|Publication number||US5158843 A|
|Application number||US 07/548,455|
|Publication date||Oct 27, 1992|
|Filing date||Jul 2, 1990|
|Priority date||Jul 2, 1990|
|Publication number||07548455, 548455, US 5158843 A, US 5158843A, US-A-5158843, US5158843 A, US5158843A|
|Inventors||David C. Batson, Franz Goebel, Peter B. Harris, Peter F. Morello|
|Original Assignee||Batson David C, Franz Goebel, Harris Peter B, Morello Peter F|
|Export Citation||BiBTeX, EndNote, RefMan|
|Patent Citations (9), Referenced by (24), Classifications (23), Legal Events (8)|
|External Links: USPTO, USPTO Assignment, Espacenet|
The invention described herein may be manufactured and used by or for the government of the United States for all governmental purposes without the payment of any royalty.
Newly emerging battery requirements such as are to be found in the Strategic Defense Initiative program and in battery-powered automobiles have recently focused considerable effort into the development of battery systems having larger energy and power density capabilities. The need for higher energy density has in particular urged battery development efforts toward ultra-thin cathode electrode assemblies. In the thin electrode art, however, it is found that one of the more difficult components to produce with small physical size and desirable consistency, accuracy, and low cost is a finely-divided particle or particle composite electrode structure. In such structures, finely-divided particulate matter such as carbon black, powdered nickel or other large surface area generating substances are however, needed for providing a desirable low electrical resistance interface with the battery electrolyte and for other benefits. Finely divided materials of this type have heretofore been somewhat difficult to control with respect to their layer thickness and region-to-region uniformity, for example, in an electrode assembly.
As is generally known in the electrical battery art, one class of useful arrangement for a battery cell involves the lithium thionyl chloride and lithium gallium chloride systems in which a liquid electrolyte enters into a chemical reaction at both the surface of a lithium anodic electrode element and also at the surface of a catalytic cathode electrode element. Moreover, cells of this type are known to provide a desirable and relatively high energy density battery arrangement.
In the cathode electrode for cells of this type, a catalytic material such as finely-divided carbon is disposed on an electrode substrate member where it provides the large surface areas that are desirable both for electrical conduction to the liquid electrolyte reactant materials and for locating reaction sites for the reactant materials. Parenthetically, it is notable that the useful life of finely-divided material cathode electrodes usually ends when the deposition of solid reactant products into the space between adjacent carbon particles and over the surface area of the carbon particles has proceeded until the effective surface area of the carbon is severely reduced. For this reason it is desirable to both provide a somewhat large amount of the carbon particles or other particulate material and to dispose this material on the electrode surface in a form which provides maximum particle accessibility to the liquid electrolyte--that is, in a form which is acceptable without use of the mechanical compaction which has been commonly used in the formation of such electrodes. Such disposition of the electrode particulate material is, however, in conflict with the need for small physical size in the electrode and high energy density performance of the electrolytic cell.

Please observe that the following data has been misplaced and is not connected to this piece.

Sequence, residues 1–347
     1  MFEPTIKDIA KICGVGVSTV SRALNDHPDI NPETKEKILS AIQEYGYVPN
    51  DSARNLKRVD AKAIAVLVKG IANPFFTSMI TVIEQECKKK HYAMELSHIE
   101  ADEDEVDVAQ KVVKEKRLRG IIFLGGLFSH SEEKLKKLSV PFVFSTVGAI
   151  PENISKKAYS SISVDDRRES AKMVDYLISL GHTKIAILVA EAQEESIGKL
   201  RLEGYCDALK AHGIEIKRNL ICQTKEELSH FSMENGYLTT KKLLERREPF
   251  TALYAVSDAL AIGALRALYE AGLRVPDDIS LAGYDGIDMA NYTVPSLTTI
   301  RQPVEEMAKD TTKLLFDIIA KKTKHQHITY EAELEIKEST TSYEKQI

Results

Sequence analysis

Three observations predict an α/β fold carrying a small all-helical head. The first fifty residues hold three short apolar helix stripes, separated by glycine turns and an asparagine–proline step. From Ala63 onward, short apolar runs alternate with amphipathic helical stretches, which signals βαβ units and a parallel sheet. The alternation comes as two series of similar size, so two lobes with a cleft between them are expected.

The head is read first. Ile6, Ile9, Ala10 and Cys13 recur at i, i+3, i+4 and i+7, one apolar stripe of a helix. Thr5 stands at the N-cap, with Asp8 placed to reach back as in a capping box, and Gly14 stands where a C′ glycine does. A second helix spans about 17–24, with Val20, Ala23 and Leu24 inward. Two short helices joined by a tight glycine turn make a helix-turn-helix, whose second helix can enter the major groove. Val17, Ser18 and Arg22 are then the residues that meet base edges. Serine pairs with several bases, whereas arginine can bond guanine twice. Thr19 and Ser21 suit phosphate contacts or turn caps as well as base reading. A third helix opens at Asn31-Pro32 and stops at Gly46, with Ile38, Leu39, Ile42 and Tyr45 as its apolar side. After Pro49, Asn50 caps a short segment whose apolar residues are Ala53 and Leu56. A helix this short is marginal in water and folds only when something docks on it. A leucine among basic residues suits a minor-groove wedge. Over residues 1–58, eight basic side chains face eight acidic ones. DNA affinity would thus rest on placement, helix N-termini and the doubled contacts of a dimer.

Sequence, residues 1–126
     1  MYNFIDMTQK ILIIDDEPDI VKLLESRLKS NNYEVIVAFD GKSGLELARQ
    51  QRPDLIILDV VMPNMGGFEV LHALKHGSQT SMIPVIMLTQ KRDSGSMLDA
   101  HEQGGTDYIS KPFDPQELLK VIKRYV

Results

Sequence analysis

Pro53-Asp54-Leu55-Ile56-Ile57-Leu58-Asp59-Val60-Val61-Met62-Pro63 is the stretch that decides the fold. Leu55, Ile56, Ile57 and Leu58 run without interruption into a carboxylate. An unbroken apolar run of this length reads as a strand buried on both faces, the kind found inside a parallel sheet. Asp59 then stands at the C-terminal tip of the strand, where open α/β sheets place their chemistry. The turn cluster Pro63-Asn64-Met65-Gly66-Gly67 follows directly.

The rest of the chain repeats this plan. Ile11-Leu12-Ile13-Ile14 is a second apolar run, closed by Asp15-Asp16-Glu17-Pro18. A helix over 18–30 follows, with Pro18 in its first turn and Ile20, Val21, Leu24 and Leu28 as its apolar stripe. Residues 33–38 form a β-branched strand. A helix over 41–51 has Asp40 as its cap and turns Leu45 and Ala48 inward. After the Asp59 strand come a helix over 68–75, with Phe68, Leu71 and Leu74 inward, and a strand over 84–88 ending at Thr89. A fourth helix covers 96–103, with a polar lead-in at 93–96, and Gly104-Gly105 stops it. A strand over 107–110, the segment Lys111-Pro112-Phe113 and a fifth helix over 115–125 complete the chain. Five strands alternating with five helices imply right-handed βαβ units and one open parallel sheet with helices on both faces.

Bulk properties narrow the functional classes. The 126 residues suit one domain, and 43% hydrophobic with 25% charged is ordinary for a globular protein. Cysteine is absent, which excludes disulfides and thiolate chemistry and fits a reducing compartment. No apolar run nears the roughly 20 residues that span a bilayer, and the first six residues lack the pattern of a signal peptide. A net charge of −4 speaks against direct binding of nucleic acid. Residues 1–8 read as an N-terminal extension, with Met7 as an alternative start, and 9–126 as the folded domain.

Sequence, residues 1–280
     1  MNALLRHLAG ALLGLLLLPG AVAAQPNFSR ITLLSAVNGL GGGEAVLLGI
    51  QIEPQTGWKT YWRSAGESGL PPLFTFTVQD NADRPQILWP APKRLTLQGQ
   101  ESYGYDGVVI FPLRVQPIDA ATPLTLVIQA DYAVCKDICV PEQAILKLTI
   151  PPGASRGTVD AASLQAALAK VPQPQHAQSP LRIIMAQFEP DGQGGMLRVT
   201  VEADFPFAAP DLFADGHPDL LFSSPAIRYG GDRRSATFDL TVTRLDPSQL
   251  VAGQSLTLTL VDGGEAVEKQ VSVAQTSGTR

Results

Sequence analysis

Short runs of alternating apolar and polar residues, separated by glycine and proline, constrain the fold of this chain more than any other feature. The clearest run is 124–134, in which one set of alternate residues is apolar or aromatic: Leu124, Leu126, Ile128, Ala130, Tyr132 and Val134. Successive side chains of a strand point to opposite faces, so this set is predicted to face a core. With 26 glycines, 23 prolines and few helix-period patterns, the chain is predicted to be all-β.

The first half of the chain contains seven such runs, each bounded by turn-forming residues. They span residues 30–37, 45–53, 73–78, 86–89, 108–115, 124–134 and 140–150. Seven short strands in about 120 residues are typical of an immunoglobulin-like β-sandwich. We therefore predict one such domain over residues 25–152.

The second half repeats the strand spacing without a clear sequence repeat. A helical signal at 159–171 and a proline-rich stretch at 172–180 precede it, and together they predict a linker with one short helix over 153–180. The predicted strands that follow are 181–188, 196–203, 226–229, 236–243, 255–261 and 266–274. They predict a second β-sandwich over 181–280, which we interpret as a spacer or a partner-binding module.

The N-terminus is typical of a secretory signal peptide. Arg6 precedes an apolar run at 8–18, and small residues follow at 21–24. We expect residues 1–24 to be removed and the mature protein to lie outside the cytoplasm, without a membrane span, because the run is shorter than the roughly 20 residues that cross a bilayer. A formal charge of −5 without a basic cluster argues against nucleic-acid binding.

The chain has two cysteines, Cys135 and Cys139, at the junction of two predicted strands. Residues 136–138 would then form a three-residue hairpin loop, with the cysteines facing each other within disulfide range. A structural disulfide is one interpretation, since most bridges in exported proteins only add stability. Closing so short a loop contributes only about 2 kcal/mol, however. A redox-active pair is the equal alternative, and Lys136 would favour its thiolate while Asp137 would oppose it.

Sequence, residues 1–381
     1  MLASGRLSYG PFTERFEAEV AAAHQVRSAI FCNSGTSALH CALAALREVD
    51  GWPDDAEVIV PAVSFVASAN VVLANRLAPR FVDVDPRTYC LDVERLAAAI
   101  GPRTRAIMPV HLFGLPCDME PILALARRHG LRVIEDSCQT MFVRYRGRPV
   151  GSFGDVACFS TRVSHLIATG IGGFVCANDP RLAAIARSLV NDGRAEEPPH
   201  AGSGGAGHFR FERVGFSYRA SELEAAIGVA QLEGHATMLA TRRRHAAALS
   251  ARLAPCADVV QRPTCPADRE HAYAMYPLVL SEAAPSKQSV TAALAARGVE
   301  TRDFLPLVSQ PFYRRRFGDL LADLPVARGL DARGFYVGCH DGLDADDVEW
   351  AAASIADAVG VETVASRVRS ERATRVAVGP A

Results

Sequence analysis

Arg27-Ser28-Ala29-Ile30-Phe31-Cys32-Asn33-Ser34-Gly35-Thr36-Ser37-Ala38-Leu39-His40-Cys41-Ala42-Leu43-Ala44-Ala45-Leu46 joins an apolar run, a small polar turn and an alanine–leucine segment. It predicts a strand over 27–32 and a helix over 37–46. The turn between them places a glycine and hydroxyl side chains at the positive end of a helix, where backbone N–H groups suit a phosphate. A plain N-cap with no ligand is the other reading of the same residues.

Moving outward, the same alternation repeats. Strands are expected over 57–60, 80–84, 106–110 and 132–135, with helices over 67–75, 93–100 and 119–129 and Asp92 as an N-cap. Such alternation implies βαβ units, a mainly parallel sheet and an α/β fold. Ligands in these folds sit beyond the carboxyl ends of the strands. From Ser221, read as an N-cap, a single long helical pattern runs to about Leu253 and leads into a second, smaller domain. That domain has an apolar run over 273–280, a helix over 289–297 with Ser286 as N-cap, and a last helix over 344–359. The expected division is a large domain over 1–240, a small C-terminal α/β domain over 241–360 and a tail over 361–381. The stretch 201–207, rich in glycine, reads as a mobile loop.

The patent art indicates a number of attempts to improve upon the arrangement of fine particle electrode structures; these attempts are evidenced by the patents cited below. It is significant to note, however, that notwithstanding these prior patent improvements, there has heretofore been a notable absence of an electrode arrangement wherein satisfactory uniformity of the small particle material and an electrode thickness that is small enough to be compatible with the high energy density and high power density needed for present-day state-of-the-art applications has been available.
The prior patent of one present invention co-inventor, Franz Goebel, U.S. Pat. No. 4,118,334, for example, describes a primary battery or electrochemical cell which employs a carbon black inclusive cathode element. The carbon black material of the '334 patent is prepared by a dried slurry crumbling process which results in the formation of cathode material globules. Each of the globules has minute pores for achieving electrolytic solution contact. The drying and crumbling to achieve globules of cathode material are, however, notable points of distinction between the present invention and teachings of the '334 patent.